Review:

"Gopnick's essays do what the best writing should do: they inform as they entertain." Library Journal

Review:

"Adam Gopnik's avid intelligence and nimble pen found subjects to love in Paris and in the growth of his small American family there. A conscientious, scrupulously savvy American husband and father meets contemporary France, and fireworks result, lighting up not just the Eiffel Tower." John Updike

Review:

"Adam Gopnik's Paris to the Moon abounds in the sensuous delights of the city — the magical carousel in the Luxembourg Gardens, the tomato dessert at Arpège, even the exquisite awfulness of the new state library. But the even greater joys of this exquisite memoir are timeless and even placeless — the excitement of the journey, the confusion of an outsider, and, most of all, the love of a family." Jeffrey Toobin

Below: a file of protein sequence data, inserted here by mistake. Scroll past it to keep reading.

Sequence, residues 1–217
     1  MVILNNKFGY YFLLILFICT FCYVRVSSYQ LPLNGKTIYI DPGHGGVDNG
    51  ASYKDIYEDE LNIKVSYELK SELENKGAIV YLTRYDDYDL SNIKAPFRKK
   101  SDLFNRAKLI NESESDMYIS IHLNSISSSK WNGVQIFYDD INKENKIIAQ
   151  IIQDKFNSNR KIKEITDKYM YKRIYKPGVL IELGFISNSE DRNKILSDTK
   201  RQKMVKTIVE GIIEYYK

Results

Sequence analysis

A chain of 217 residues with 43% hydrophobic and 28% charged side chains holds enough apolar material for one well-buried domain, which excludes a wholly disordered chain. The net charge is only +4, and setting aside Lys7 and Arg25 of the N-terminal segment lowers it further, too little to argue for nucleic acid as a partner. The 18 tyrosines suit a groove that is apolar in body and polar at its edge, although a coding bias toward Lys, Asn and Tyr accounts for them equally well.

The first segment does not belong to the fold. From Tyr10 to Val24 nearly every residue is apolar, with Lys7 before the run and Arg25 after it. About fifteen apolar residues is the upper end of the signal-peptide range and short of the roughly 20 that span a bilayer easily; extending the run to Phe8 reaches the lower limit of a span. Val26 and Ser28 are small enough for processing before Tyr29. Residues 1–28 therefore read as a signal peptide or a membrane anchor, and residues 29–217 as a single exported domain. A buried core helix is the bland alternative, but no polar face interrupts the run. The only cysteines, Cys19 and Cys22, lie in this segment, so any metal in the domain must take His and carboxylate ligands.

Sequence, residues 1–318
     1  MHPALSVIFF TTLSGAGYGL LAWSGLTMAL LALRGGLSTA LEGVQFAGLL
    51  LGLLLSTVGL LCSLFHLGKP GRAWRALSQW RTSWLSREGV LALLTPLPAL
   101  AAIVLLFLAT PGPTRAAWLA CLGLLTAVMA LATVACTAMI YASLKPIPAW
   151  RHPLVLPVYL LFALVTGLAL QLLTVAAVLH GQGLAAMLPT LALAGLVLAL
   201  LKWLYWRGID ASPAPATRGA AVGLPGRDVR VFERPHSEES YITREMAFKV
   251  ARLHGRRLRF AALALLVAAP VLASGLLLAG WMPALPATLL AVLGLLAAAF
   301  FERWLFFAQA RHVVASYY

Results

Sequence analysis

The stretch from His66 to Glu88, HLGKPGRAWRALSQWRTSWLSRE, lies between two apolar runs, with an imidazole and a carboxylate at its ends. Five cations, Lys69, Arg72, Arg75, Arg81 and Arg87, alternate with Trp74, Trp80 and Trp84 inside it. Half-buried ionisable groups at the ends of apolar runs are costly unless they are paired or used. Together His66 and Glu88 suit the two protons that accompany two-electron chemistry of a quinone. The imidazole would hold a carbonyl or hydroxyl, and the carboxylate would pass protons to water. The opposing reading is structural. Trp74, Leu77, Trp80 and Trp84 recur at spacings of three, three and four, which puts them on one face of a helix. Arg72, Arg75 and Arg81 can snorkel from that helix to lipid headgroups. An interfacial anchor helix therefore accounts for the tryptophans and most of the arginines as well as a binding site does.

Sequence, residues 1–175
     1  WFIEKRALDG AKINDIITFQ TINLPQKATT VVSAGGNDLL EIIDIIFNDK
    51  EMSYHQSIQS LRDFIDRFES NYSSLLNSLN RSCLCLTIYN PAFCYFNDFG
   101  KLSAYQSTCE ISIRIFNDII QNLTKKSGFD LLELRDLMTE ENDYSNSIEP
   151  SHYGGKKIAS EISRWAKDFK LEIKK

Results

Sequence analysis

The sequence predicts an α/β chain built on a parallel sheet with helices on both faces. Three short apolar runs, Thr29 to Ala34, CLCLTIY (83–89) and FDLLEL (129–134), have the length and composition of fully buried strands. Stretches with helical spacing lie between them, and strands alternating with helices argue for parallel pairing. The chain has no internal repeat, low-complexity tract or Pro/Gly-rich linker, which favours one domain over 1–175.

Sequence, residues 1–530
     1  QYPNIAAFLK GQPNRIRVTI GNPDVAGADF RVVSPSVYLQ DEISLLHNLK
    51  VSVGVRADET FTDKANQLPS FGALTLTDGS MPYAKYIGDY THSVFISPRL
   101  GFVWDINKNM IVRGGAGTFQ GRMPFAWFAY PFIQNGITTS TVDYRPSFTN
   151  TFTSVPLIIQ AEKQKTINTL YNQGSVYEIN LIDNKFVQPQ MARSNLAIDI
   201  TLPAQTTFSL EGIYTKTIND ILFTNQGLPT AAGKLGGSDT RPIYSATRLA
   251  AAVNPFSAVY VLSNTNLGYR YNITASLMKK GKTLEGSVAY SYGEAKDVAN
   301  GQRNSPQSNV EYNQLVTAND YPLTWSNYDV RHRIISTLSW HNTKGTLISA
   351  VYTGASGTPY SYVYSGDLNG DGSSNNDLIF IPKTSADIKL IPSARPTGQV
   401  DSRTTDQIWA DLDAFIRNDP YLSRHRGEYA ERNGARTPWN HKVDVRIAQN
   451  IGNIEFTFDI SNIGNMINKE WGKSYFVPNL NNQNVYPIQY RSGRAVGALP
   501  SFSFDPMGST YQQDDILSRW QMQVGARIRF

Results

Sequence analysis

Review:

"The chronicle of an American writer's lifelong infatuation with Paris is also an extended meditation--in turn hilarious and deeply moving — on the threat of globalization, the art of parenting, and the civilizing intimacy of family life. Whether he's writing about the singularity of the Papon trial, the glory of bistro cuisine, the wacky idiosyncrasies of French kindergartens, or the vexing bureaucracy of Parisian health clubs, Gopnik's insights are infused with a formidable cultural intelligence, and his prose is as pellucid as that of any essayist. A brilliant, exhilarating book." Francine du Plessix Gray

Review:

"Adam Gopnik is a dazzling talent — hilarious, winning, and deft — but the surprise of Paris to the Moon is its quiet, moral intelligence. This book begins as journalism and ends up as literature." Malcolm Gladwell

About the Author